A comet is an irregular body a few kilometers across consisting of rock, ice and frozen gases. Most comets which may be seen by us travel around the Sun in long, oval orbits. When a comet is near the Sun, it develops a long, tenuous tail of gas and dust pointing alway approximately straight away from the Sun.
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Halley's comet is named after Edmond Halley. He thought that comets were bodies of the Solar System in orbits around the Sun. He suggested that a certain comet was a regular visitor, returning every 76 years, and was, in fact, the same one which had been observed since 240 BC, but in particular in the years 1531, 1607, and 1682. In 1682 he calculated its orbit and predicted it would return again in 1758, and sure enough, the comet arrived in March 1759. Halley's comet made a particularly bright appearance in 1910. The last appearance in 1986 was much more modest.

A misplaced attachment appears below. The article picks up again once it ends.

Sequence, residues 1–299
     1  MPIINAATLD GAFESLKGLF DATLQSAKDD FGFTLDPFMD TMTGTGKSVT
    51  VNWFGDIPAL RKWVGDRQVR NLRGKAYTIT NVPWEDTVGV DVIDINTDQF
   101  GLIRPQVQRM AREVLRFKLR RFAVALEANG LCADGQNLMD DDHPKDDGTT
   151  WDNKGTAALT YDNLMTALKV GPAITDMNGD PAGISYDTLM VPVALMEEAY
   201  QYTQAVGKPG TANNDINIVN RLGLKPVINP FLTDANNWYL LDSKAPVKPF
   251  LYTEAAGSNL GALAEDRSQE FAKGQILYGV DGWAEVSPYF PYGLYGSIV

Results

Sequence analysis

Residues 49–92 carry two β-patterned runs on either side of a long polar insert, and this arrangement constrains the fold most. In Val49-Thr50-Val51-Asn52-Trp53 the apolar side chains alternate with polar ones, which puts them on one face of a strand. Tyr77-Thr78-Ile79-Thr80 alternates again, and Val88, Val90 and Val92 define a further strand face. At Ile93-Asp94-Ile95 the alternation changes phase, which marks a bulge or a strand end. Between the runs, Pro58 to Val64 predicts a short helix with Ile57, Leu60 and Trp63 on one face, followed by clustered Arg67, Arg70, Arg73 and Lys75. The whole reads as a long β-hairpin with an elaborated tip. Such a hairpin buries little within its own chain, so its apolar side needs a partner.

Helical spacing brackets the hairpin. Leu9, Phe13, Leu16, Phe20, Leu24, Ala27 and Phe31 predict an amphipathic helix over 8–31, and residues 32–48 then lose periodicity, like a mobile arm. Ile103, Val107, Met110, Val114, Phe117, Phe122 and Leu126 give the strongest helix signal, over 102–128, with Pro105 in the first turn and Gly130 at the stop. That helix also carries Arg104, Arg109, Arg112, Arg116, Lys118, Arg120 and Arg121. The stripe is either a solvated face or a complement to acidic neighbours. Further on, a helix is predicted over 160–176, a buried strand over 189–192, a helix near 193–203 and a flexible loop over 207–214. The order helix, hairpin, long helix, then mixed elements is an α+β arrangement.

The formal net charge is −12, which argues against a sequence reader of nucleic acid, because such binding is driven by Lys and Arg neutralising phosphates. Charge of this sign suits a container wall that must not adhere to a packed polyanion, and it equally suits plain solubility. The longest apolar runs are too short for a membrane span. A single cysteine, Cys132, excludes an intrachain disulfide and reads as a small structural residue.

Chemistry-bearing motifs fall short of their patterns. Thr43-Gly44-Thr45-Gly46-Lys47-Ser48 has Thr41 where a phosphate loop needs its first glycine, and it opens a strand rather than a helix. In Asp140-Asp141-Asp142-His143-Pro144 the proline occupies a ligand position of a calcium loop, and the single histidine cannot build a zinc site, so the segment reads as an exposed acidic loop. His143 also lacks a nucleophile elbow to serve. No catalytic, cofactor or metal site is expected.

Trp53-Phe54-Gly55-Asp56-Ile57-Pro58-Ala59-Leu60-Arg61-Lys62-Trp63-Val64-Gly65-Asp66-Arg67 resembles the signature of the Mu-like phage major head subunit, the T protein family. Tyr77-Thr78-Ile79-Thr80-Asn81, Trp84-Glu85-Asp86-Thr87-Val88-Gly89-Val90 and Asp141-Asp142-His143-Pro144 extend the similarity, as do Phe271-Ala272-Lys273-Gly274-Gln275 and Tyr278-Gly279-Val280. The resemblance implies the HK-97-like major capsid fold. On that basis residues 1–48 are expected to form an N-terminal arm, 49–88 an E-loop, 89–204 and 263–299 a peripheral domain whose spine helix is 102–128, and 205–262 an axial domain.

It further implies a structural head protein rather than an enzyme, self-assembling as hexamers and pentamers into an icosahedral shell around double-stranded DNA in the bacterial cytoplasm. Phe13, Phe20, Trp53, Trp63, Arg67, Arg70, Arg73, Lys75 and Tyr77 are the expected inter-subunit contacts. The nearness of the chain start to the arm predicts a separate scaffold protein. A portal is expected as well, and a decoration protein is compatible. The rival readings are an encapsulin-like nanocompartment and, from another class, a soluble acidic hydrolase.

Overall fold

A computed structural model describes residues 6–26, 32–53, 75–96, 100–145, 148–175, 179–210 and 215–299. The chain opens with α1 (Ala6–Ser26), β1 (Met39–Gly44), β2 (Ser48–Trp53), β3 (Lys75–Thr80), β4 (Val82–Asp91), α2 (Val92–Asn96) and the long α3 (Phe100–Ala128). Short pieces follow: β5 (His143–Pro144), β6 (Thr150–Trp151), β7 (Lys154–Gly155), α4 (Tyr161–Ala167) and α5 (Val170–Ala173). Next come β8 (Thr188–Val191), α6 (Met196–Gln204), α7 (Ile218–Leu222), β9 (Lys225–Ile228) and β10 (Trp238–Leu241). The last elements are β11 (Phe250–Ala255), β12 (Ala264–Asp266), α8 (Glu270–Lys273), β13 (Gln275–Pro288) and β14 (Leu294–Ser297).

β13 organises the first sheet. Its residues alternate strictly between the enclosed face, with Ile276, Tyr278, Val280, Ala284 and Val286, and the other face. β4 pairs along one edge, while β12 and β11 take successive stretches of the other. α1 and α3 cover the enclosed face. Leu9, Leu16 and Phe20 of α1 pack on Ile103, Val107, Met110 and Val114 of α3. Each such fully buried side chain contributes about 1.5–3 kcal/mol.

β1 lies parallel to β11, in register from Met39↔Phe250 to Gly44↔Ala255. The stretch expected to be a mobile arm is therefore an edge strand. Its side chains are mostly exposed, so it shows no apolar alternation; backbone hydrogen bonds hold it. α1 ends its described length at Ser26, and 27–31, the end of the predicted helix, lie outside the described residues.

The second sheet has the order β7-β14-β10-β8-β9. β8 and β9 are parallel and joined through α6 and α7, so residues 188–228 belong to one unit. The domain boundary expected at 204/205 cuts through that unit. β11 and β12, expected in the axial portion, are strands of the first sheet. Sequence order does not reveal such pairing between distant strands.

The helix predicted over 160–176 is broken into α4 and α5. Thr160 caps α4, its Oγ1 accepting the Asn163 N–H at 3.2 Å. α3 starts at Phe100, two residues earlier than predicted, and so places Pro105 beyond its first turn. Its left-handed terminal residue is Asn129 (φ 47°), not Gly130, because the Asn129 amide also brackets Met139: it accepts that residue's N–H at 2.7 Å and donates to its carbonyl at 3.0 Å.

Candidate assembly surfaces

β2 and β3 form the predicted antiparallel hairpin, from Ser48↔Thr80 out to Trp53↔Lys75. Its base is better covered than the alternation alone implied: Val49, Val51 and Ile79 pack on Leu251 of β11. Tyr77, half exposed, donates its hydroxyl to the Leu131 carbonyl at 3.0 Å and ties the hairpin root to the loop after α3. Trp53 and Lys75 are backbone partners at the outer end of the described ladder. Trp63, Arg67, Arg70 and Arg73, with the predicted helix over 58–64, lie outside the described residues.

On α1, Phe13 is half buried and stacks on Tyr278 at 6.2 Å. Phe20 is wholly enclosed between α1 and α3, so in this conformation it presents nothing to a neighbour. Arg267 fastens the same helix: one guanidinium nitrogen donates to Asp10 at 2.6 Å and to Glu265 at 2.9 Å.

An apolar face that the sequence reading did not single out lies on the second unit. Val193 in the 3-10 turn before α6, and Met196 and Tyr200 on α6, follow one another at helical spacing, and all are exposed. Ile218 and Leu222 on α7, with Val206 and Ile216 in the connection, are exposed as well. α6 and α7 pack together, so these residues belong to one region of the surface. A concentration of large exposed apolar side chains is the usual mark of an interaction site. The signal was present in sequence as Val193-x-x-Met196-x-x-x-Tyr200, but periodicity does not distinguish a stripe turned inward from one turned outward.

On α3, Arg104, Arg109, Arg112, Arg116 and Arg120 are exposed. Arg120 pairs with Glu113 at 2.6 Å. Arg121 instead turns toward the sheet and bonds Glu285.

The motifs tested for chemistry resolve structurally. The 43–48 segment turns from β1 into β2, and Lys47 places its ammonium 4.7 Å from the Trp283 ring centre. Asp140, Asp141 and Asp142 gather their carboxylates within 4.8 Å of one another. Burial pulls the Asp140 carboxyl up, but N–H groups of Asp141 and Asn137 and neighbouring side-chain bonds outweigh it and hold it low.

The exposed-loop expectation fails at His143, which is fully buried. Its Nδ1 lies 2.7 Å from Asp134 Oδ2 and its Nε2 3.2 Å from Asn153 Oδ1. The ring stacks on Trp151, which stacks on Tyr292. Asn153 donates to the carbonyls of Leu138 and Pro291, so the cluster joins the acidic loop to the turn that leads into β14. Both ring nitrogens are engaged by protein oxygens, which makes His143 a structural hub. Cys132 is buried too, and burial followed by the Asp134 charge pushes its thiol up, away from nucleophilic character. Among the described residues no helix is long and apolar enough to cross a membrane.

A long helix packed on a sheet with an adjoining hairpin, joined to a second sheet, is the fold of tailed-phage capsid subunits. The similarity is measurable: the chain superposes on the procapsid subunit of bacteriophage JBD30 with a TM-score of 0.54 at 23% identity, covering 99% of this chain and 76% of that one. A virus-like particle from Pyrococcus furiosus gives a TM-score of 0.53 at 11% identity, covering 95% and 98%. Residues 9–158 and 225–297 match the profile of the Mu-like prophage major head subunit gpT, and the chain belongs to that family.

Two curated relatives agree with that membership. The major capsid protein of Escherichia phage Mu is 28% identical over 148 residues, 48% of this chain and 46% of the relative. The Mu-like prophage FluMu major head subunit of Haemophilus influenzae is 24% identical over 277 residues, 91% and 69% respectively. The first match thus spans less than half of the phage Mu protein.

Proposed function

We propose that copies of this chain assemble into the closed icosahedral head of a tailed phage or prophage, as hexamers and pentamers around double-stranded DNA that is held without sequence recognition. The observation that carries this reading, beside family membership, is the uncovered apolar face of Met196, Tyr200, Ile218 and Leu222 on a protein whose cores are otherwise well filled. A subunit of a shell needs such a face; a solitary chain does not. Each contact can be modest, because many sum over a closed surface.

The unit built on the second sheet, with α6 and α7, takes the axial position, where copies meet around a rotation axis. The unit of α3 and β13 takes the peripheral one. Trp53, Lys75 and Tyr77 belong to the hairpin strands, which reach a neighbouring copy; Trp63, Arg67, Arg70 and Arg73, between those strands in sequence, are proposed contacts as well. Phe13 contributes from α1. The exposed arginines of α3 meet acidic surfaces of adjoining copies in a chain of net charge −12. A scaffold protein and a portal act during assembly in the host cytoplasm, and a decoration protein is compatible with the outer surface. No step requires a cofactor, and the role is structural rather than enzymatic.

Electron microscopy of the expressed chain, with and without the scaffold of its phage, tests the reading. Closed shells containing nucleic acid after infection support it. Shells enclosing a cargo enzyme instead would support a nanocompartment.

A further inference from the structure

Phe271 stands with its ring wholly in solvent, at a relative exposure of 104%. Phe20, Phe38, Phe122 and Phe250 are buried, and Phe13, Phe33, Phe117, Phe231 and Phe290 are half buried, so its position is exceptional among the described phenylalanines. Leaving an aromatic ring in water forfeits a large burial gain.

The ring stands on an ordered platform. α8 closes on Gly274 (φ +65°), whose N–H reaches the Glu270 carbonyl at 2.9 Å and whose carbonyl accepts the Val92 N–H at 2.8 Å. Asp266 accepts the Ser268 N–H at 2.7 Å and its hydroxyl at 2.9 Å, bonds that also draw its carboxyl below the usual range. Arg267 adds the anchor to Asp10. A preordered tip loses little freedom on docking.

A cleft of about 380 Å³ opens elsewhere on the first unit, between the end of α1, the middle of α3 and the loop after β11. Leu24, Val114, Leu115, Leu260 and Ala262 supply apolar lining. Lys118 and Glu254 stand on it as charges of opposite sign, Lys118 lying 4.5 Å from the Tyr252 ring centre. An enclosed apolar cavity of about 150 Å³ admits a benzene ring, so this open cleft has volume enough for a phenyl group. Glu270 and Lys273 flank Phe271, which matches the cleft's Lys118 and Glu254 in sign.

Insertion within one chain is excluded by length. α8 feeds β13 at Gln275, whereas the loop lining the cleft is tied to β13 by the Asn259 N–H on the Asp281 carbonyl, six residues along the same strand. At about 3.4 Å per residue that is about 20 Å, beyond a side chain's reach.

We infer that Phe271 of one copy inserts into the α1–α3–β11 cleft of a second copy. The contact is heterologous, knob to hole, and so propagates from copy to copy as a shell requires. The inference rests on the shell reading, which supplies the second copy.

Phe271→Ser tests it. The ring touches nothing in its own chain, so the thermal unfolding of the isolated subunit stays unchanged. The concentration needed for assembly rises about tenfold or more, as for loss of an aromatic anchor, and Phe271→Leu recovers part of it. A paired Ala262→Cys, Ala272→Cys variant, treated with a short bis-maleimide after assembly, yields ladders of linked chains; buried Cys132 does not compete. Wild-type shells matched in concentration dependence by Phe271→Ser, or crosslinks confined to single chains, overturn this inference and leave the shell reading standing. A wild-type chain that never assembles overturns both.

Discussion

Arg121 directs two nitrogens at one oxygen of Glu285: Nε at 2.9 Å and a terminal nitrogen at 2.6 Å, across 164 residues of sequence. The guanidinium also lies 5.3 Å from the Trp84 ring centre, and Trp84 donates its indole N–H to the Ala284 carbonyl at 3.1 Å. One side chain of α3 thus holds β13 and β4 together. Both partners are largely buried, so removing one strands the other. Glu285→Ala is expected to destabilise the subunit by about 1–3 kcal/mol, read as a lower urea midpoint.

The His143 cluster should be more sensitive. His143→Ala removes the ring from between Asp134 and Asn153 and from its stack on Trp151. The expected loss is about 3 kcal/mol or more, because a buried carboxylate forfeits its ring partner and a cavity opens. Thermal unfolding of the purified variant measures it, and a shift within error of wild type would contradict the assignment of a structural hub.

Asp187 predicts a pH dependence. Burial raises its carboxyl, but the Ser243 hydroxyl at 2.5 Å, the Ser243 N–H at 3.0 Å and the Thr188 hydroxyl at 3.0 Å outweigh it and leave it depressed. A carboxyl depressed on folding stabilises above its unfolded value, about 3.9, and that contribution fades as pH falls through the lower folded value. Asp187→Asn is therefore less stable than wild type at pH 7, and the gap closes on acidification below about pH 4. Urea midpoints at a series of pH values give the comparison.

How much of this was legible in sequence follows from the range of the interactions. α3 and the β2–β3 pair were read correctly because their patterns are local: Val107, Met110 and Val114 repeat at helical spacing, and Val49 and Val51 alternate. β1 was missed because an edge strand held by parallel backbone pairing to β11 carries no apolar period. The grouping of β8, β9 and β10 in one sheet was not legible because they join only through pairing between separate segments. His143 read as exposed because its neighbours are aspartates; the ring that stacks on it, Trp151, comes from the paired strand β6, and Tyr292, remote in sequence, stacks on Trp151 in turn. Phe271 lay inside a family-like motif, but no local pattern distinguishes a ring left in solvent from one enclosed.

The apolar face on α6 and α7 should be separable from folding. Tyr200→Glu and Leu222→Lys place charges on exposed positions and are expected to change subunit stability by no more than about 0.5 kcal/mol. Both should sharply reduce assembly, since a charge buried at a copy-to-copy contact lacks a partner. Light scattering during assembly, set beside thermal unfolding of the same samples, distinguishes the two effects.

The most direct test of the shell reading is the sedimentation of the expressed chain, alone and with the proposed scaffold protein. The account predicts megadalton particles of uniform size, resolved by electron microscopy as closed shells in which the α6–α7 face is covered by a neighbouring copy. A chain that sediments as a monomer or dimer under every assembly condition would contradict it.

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This simulation shows the orbit of Halley's comet starting on January 1, 2009. Note: The simulation shows a static picture of the comet. The brightness of the comet and the size and direction of the tail varies greatly throughout the orbit.